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Compare/contrast Walker's "Everday Use" and Baldwin's "Sonny's Blues" in terms of what...

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hnewberry | Student, Undergraduate | (Level 1) Salutatorian

Posted June 27, 2011 at 11:57 PM via web

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Compare/contrast Walker's "Everday Use" and Baldwin's "Sonny's Blues" in terms of what Baldwin calls the "ambiguity and irony" of Negro life.

 

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booboosmoosh | High School Teacher | (Level 3) Educator Emeritus

Posted June 28, 2011 at 1:06 PM (Answer #1)

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In Alice Walker's "Everyday Use," and James Baldwin's "Sonny's Blues," the ambiguity in the Negro way of life is in the distorted concept of "freedom" that was allegedly guaranteed to all men with the Declaration of Independence, and specifically guaranteed to blacks in the Emancipation Proclamation. The promises made in these documents have not been realized by the black race. The blacks are seen as "separate but equal," which really translated at the time to "separate and not equal." This is ambiguous (confusing). Things that are equal are not separated. Dee in Alice Walker's story decides to adopt an identity straight from Africa (though she has never been  there), while rejecting the life she was born into, "controlled by her oppressors." The truth  is that her identity depends upon her choices, not the choices of others for her. The ambiguity in "Sonny's Blues" is that Sonny seems to be the man who has nothing: no job to speak of, a criminal background, and an inability to connect to his heritage—he feels victimized by society, even with all the promises made to the blacks in the past. How is a man supposed to rise above his situation when there is no trust or concern directed toward him? …when any attempts to rise above his circumstances are dashed?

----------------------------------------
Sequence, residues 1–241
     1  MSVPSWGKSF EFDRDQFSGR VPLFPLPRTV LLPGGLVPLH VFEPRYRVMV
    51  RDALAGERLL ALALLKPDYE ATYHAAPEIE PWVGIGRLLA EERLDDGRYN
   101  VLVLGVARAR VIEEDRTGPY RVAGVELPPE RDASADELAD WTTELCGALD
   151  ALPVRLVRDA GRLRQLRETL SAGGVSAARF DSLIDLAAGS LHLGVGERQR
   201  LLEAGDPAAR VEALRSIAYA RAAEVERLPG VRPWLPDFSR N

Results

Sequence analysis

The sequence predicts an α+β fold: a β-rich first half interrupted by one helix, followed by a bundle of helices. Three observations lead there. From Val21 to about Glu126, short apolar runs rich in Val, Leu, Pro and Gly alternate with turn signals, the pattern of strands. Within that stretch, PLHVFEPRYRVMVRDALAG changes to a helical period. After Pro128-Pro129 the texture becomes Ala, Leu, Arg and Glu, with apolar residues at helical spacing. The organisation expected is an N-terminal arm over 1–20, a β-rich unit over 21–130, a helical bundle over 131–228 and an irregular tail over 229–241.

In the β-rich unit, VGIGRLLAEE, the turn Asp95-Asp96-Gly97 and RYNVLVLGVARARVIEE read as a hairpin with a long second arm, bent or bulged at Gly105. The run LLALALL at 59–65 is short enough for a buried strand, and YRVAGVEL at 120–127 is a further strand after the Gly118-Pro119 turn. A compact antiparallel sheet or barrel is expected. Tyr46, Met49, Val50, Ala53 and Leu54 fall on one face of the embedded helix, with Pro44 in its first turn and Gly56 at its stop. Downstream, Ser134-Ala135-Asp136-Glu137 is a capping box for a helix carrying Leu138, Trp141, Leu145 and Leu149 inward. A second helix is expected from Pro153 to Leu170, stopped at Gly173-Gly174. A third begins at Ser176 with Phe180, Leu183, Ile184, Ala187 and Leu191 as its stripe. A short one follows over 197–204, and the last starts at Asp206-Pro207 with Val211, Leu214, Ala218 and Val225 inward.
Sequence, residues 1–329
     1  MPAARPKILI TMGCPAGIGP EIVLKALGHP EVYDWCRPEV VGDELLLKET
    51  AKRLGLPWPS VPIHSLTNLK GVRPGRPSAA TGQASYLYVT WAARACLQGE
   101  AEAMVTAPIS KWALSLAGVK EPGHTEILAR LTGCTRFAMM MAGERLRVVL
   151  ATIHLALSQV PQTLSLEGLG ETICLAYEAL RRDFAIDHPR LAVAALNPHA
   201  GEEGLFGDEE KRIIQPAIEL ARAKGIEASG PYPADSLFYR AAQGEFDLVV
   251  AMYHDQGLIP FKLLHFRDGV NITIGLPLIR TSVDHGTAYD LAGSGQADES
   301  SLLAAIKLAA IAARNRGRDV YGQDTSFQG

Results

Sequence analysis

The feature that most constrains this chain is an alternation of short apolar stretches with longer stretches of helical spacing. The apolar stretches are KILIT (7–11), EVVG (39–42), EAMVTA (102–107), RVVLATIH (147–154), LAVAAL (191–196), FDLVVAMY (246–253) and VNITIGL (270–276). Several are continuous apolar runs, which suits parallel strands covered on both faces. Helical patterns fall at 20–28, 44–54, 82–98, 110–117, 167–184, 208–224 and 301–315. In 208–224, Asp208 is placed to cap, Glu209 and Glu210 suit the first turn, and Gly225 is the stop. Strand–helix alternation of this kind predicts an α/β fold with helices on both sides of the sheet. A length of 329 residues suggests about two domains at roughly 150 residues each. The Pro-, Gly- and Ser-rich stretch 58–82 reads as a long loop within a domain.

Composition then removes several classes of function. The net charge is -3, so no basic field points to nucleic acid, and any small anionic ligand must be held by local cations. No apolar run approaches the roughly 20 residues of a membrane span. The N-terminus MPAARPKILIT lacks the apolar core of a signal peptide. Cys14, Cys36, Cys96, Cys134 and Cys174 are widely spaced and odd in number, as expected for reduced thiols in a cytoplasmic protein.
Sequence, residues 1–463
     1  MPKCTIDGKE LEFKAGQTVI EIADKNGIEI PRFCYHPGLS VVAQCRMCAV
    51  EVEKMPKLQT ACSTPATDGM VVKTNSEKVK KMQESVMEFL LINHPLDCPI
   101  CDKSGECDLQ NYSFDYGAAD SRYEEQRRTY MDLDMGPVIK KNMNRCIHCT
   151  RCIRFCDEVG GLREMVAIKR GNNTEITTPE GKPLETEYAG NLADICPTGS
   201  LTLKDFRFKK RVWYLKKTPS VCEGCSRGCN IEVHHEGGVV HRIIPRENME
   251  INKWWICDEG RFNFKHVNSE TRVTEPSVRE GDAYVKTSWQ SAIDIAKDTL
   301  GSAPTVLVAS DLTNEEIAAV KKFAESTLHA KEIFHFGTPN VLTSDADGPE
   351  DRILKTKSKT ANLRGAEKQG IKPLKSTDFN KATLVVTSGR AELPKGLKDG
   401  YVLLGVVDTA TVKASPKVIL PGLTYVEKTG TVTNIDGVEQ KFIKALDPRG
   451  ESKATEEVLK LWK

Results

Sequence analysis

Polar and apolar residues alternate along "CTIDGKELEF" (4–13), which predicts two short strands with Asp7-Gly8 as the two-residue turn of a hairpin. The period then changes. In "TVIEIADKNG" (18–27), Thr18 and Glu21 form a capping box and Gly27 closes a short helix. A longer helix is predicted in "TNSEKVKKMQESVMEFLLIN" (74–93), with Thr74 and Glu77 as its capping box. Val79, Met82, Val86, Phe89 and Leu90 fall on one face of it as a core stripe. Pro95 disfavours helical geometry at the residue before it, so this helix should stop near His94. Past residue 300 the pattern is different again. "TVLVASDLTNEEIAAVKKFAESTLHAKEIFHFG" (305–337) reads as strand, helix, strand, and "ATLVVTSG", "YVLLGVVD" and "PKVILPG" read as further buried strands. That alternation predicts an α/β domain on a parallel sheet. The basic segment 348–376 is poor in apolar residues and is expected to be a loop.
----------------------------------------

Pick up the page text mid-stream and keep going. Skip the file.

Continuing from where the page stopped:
The irony of "Everyday Use" is that Dee believes she will find herself by adopting traditional African styles of clothing, as well as a new African name. However, her sister who does not reject her heritage seems much more suited to her life than Dee who thinks the clothes and name will change who she is and where she has come from.

I couldn’t bear it any longer being named after the people who oppress me.

However, her sister Maggie has less going for her, but seems happier and more grounded. This is ironic in face of what Dee believes about living in America (which she has never seen) and being ruled by a white society that has little regard for blacks. No one else in this situation can help Dee—she must see the truth for herself. In "Sonny's Blues," the speaker (Sonny's brother) sees little value in his brother: he's just gotten out of jail and he has little to recommend him with his drug use, etc. Sonny's brother finally realizes (and it's ironic) that though Sonny does not have the things he has, and although he has not been able to achieve anything that society might applaud, Sonny's brother comes to see that Sonny does, after all, have a valuable gift. It is his music. And for all that Sonny suffers and has lost in life, he is able (ironically) to see music in a way that very few can. He can charm it like a charmer, taking something formless and transforming it into a "triumph" not only for himself, but for others.

 

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